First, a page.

Published September 28, 2006 by Adam Ashton, Bee Staff Writer

U.S. Drug Enforcement Administration agents on Wednesday busted up Modesto's only medical marijuana dispensary just one day after the City Council discussed a strategy to shut it down.

A morning raid on the California Healthcare Collective and seven homes associated with its directors netted four arrests, three handguns, $16,000 in cash, 60 pounds of processed marijuana and 34 pounds of baked goods laced with the drug.

Authorities also froze eight bank accounts linked to the collective's directors.

The raid followed a 15-month investigation in which Modesto police and DEA agents purchased cannabis from the clinic with fake doctor recommendations and repeatedly found medical marijuana bought from the collective in the hands of healthy people, according to an affidavit the Department of Justice filed in federal court.

Authorities arrested Healthcare Collective directors Luke Scarmazzo and Ricardo Montes, both 26. They are due to be arraigned in federal court in Fresno on Friday on suspicion of distributing marijuana and conspiring to distribute marijuana.

Employees Jose Malagon, 33, and Antonio Malagon, 28, also were arrested and face the same charges and also will be arraigned Friday in Fresno. Authorities said the Malagons live together, but it was unknown if they are related.

If convicted, they would serve a minimum sentence of 10 years in prison, said Assistant U.S. Attorney Larry Brown.


DEA Agent Gordon Taylor said the clinic's directors shielded a drug ring behind Proposition 215, a state law that allows chronically ill people to use medical marijuana. Federal law does not permit marijuana use.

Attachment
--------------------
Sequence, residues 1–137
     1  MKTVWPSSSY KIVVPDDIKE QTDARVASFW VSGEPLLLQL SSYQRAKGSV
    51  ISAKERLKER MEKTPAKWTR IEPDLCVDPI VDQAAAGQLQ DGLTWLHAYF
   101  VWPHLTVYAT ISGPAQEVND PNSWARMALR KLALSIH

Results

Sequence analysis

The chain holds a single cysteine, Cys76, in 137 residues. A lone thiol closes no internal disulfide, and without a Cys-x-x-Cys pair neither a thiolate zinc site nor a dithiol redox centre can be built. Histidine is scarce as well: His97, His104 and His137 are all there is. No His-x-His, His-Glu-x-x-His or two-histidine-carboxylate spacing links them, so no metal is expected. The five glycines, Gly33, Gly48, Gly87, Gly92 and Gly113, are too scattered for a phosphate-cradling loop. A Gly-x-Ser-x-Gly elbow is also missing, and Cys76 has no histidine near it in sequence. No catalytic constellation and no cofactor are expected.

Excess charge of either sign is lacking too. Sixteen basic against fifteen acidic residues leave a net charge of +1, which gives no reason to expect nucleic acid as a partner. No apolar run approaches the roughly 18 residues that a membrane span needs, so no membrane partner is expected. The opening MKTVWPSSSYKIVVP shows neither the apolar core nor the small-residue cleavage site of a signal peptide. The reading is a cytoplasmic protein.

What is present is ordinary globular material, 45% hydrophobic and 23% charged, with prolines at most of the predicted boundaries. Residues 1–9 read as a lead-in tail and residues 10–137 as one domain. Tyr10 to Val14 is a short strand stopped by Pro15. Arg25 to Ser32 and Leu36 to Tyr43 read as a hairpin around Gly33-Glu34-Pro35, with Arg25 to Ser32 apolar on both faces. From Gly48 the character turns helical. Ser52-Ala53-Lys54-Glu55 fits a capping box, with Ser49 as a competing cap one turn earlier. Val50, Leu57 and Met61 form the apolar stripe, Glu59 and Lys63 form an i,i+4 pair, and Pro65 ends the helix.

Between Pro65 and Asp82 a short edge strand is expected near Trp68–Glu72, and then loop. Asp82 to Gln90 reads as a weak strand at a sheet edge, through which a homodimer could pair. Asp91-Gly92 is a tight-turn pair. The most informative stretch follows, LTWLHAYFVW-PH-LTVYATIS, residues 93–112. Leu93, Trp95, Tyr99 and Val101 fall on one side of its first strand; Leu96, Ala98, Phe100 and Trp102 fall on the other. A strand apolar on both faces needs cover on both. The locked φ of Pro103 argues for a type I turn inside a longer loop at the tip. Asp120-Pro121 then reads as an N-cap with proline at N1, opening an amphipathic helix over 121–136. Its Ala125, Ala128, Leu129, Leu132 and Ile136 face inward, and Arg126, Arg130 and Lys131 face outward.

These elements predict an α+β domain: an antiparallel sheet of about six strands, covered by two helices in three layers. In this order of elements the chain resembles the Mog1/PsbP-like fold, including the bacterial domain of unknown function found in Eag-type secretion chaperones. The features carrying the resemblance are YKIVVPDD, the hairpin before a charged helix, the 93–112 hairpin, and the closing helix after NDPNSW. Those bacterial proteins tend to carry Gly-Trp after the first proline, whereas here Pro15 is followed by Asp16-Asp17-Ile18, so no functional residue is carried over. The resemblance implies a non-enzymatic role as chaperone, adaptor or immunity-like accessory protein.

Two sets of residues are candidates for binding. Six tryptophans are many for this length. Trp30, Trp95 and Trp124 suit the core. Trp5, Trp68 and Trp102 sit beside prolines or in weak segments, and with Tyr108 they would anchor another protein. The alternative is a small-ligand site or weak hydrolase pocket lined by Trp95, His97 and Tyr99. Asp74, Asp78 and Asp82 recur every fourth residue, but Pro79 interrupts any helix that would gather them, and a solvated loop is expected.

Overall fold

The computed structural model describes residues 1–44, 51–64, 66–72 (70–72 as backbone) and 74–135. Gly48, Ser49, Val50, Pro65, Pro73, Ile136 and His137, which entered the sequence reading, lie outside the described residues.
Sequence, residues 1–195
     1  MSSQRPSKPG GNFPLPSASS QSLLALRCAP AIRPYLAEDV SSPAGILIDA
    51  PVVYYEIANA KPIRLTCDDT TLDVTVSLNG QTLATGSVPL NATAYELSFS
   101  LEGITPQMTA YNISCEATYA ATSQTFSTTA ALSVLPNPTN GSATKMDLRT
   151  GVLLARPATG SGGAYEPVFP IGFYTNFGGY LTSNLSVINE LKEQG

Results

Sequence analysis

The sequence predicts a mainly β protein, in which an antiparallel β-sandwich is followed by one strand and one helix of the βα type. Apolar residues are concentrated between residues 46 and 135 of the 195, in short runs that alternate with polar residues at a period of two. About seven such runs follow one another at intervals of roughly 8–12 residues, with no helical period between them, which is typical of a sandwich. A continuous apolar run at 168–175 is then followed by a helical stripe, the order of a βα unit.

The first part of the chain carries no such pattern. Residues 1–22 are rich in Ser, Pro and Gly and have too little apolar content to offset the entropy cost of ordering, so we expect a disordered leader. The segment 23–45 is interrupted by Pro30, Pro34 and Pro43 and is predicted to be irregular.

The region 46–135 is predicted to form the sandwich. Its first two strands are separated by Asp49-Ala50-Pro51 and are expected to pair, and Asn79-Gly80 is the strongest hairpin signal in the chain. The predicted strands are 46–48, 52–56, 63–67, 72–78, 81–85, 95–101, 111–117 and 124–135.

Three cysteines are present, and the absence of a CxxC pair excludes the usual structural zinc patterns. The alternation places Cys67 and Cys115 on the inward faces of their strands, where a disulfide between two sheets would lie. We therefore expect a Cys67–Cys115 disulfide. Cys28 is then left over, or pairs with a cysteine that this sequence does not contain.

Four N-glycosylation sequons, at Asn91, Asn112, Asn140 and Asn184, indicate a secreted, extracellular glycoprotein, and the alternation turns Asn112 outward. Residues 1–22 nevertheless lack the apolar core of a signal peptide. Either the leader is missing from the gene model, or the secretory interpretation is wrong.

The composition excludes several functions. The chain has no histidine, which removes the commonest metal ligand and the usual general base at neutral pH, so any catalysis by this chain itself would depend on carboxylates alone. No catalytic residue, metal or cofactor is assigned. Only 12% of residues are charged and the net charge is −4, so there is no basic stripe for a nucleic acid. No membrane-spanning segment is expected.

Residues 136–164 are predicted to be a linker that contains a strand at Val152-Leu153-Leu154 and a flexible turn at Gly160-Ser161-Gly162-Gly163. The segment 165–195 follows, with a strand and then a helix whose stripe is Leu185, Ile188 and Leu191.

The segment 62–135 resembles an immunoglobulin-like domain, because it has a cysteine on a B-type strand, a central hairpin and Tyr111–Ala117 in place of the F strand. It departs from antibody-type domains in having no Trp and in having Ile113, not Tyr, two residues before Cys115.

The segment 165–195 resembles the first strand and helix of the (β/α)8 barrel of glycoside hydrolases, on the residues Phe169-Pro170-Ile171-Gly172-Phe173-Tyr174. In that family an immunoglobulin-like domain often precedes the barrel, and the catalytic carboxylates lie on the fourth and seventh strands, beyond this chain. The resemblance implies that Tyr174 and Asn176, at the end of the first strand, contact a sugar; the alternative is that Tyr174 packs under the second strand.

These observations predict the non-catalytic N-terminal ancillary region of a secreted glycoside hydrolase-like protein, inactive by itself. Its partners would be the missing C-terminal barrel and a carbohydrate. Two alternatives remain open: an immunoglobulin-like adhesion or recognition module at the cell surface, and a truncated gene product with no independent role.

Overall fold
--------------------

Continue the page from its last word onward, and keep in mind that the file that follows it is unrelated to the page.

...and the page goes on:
"This case is just another example of where state medical marijuana laws have been exploited to the point of being a joke," said Taylor, calling the clinic's directors "common drug dealers."

An attorney defending the clinic's directors said they were in compliance with state law.

"They pay their taxes," said Robert Forkner. "They provide a necessary service for the citizens of the community and they're not guilty of all the charges."

Brown described the collective as a "flagrant violation" of federal law.

He and Taylor pointed to the $4.5 million the collective earned since it opened in late 2004 to show that it was violating a state law that allows only nonprofit cooperatives to distribute the drug.

The affidavit depicts the clinic directors as criminals who carried guns and stacks of cash.

"This is not a medical marijuana issue. This is a lot of drugs getting into our community," Police Chief Roy Wasden said.

Scarmazzo recently released a music video in which he raps, "I'm a businessman. Let me do my business, man." The song includes a line "Put your fingers in the air and yell (expletive) the feds."

"This is organized crime," police Sgt. Craig Gundlach said. "It's sickening to see someone like this take advantage of something the California voters thought was compassionate."

Forkner said the collective opened its books to the city to show it was operating as a nonprofit. He said the directors carried cash they intended to deposit. They sometimes had guns for security, Forkner said.